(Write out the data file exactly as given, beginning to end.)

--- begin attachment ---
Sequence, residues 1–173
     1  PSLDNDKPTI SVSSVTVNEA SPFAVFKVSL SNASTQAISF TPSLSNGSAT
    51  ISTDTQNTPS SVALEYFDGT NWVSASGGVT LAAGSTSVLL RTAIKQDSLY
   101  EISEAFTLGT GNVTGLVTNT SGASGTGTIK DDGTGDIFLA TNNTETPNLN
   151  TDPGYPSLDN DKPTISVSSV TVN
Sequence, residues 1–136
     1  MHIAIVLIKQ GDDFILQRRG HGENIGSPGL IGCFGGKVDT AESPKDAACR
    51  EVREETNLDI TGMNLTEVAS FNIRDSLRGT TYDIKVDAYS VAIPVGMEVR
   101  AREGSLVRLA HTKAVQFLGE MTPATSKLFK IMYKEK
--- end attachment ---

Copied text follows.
Sequence, residues 1–173
     1  PSLDNDKPTI SVSSVTVNEA SPFAVFKVSL SNASTQAISF TPSLSNGSAT
    51  ISTDTQNTPS SVALEYFDGT NWVSASGGVT LAAGSTSVLL RTAIKQDSLY
   101  EISEAFTLGT GNVTGLVTNT SGASGTGTIK DDGTGDIFLA TNNTETPNLN
   151  TDPGYPSLDN DKPTISVSSV TVN
Sequence, residues 1–136
     1  MHIAIVLIKQ GDDFILQRRG HGENIGSPGL IGCFGGKVDT AESPKDAACR
    51  EVREETNLDI TGMNLTEVAS FNIRDSLRGT TYDIKVDAYS VAIPVGMEVR
   101  AREGSLVRLA HTKAVQFLGE MTPATSKLFK IMYKEK